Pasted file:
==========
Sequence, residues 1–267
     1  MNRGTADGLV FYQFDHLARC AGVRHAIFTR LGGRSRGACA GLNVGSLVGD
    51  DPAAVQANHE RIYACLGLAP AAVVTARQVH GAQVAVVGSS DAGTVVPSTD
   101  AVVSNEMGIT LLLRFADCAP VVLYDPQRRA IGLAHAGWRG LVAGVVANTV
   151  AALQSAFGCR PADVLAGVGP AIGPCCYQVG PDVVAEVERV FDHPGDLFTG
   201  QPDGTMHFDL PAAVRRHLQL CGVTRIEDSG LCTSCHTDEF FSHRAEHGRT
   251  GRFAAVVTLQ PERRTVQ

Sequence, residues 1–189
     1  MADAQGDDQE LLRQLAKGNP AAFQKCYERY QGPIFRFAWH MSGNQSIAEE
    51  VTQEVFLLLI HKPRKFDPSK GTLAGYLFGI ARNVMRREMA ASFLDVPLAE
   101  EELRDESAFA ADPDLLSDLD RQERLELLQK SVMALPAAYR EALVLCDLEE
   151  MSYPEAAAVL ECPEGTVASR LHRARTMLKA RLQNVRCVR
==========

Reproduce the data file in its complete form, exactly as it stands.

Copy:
Sequence, residues 1–267
     1  MNRGTADGLV FYQFDHLARC AGVRHAIFTR LGGRSRGACA GLNVGSLVGD
    51  DPAAVQANHE RIYACLGLAP AAVVTARQVH GAQVAVVGSS DAGTVVPSTD
   101  AVVSNEMGIT LLLRFADCAP VVLYDPQRRA IGLAHAGWRG LVAGVVANTV
   151  AALQSAFGCR PADVLAGVGP AIGPCCYQVG PDVVAEVERV FDHPGDLFTG
   201  QPDGTMHFDL PAAVRRHLQL CGVTRIEDSG LCTSCHTDEF FSHRAEHGRT
   251  GRFAAVVTLQ PERRTVQ

Sequence, residues 1–189
     1  MADAQGDDQE LLRQLAKGNP AAFQKCYERY QGPIFRFAWH MSGNQSIAEE
    51  VTQEVFLLLI HKPRKFDPSK GTLAGYLFGI ARNVMRREMA ASFLDVPLAE
   101  EELRDESAFA ADPDLLSDLD RQERLELLQK SVMALPAAYR EALVLCDLEE
   151  MSYPEAAAVL ECPEGTVASR LHRARTMLKA RLQNVRCVR